Thomas Jefferson was elected to actually write the words on paper. This is probably due to the fact that TJ could write with both hands at the same time. On July 3, Mr. Jefferson presented his paper to the others. Everybody liked the words, but John Adams was at the meeting was actually pissed off.  It was his idea to write something. He wanted July 2 to be Independence Day, but the second Continental Congress said, “No, it is not an official document until everyone has signed off on it.” This began the Dawn of Bureaucracy and the document was not signed by the 56 delegates until July 4, 1776. If John Adams had not shoved the responsibility of actually doing the work onto TJ, perhaps July 2, would be the day we celebrate independence.

The Declaration of Independence was signed off by representatives of the Thirteen Colonies, not from The United States. There was no United States. That would come later.

The Declaration lists colonial grievances against King George III, declared independence from the rule and crown of England and declared war on England. It included the “right to a revolution.” Keep in mind, the American colonies had been at war with Great Britain a couple of years, but the declaration of war by the colonies put a new spin on things. It really made England look bad in the world, so France jumped in to help England took bad – See French and Indian War revenge and support the Colonies. When King George III and Lord North heard about this, they said “What the Bloody Hell?” Translated today as: WTF?

The Thirteen Colonies or states would go on to win this revolution and set the stage for revolutions against governments throughout Europe and the world. There were many revolutions against the British Empire because the sun never sat on the British Empire. Other notable revolutions include the one in France. That French Revolution was a head rolling doozy revolution.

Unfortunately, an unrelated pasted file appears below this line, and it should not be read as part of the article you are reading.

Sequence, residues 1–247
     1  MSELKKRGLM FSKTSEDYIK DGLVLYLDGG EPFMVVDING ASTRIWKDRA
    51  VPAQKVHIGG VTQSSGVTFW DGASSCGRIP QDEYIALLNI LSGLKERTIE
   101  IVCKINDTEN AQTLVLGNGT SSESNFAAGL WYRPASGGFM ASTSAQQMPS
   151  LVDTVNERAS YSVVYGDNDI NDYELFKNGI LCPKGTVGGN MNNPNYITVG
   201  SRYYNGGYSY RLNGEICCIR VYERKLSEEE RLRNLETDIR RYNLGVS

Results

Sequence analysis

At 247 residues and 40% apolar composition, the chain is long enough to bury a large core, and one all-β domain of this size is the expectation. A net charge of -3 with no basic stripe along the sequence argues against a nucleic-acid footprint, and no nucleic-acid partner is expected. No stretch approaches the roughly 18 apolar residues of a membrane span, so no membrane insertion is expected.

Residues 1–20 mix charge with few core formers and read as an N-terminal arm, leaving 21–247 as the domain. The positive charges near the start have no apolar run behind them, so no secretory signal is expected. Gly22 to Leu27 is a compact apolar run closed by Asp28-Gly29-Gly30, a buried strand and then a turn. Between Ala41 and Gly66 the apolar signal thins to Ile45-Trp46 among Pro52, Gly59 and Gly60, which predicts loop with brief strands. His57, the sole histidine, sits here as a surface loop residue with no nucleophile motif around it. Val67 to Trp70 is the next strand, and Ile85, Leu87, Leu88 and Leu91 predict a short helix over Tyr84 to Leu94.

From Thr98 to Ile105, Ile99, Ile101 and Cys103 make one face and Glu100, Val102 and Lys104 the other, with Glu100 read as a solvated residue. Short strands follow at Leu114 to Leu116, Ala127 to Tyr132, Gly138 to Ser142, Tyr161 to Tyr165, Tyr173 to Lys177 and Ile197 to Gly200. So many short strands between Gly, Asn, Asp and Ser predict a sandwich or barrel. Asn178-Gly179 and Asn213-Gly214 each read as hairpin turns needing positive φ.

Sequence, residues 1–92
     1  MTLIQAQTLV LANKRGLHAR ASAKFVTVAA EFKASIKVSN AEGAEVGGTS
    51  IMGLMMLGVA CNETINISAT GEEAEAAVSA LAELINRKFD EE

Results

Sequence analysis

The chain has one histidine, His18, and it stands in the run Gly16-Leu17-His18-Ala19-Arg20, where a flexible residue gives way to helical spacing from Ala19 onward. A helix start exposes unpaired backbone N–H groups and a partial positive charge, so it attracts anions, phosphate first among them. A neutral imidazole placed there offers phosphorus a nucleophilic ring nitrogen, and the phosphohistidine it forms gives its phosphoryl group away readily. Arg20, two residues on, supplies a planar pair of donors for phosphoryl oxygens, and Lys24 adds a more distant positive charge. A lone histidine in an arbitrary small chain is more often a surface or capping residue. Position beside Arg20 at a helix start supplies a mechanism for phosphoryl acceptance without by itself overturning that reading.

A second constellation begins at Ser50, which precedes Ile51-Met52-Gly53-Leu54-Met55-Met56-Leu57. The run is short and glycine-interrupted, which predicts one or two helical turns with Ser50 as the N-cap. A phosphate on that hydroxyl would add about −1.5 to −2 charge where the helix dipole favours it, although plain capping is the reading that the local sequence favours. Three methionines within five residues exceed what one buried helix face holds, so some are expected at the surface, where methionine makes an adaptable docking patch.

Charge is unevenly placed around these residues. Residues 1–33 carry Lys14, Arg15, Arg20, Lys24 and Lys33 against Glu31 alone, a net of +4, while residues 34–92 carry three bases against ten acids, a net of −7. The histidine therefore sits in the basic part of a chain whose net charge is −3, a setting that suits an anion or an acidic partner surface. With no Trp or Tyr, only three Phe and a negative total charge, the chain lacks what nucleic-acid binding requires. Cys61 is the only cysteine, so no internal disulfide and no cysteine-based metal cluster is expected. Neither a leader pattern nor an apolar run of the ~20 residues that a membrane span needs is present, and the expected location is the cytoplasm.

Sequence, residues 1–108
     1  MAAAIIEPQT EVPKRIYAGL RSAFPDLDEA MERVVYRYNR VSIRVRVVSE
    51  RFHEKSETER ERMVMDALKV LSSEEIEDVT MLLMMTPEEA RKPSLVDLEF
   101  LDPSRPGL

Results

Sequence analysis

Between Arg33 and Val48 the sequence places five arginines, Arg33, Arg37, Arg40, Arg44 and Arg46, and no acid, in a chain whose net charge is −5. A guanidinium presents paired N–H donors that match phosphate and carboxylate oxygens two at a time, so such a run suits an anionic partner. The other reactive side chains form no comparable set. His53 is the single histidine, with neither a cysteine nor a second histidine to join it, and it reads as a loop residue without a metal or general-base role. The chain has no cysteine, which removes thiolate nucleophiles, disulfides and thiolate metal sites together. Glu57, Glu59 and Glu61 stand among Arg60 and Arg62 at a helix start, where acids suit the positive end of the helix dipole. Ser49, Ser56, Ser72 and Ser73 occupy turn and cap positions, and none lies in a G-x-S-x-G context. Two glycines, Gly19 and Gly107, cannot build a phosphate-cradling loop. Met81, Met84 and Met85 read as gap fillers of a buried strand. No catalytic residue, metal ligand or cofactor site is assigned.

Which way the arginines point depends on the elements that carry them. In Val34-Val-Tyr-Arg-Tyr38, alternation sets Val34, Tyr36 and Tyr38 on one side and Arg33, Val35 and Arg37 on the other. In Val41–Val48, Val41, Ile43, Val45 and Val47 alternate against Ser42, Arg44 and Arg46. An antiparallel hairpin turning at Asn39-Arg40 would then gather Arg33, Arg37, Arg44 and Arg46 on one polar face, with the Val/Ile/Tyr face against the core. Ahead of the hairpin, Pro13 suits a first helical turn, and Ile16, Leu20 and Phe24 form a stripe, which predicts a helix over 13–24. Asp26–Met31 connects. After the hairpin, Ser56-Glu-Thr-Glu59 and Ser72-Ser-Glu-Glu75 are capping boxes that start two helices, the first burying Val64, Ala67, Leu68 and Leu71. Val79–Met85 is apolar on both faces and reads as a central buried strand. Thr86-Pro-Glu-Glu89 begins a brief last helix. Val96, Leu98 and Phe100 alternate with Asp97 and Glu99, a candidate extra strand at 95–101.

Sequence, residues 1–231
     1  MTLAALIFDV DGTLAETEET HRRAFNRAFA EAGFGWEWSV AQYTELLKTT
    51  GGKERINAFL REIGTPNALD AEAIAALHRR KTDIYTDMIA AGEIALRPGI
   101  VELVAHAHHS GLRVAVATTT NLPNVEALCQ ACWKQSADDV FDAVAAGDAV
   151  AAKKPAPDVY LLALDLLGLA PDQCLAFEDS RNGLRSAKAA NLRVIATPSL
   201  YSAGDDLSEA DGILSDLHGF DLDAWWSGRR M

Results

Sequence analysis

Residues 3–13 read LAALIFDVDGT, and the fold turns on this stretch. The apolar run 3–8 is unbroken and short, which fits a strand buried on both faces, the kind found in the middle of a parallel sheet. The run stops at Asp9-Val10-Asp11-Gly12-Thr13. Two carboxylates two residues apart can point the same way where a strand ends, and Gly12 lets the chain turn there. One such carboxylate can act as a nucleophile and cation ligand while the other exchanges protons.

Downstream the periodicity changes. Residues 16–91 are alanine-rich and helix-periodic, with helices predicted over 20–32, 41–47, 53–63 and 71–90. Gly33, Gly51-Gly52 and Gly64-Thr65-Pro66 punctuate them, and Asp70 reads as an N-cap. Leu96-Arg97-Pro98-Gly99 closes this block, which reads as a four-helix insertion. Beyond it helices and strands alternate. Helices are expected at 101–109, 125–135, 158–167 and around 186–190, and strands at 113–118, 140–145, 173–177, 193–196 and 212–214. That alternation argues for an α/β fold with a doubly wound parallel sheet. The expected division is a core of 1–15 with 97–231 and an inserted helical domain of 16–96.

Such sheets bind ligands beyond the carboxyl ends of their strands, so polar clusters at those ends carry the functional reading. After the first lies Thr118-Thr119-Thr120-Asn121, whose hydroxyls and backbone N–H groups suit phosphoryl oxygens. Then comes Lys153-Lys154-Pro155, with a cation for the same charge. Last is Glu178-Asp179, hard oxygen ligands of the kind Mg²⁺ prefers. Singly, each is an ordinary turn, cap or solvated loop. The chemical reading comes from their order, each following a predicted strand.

The loss of the British Colonies across The Pond would eventually cause George III to go mad – not government mad, but crazy kinda of mad. Of course all of that royal inbreeding thing and maybe just old age might have had much to do with his madness.

The little colonies would eventually unite and form The United States of America. The Declaration of Independence would become one of the most important documents regarding human rights in the history of Western Civilization – especially the second sentence.

We hold these truths to be self-evident, that all men are created equal, that they are endowed by their Creator with certain unalienable Rights, that among these are Life, Liberty and the pursuit of Happiness.

Here’s hoping your Fourth of July is filled with life, liberty and the pursuit of happiness.

 

 

2 responses to “Monday, July 4, 2016 – Independence Day

  1. I heard your voice read it to me as I read your Independence Day summary. Love your version much better than the text books!

    Liked by 1 person

  2. Jayne Furby Landry

    D.D. : where were you when I was trying to learn American History in school? You made it succinct and interesting. (Yes, it’s always been interesting–except to the teenage mind!😜). Good to read your words again.

    Liked by 1 person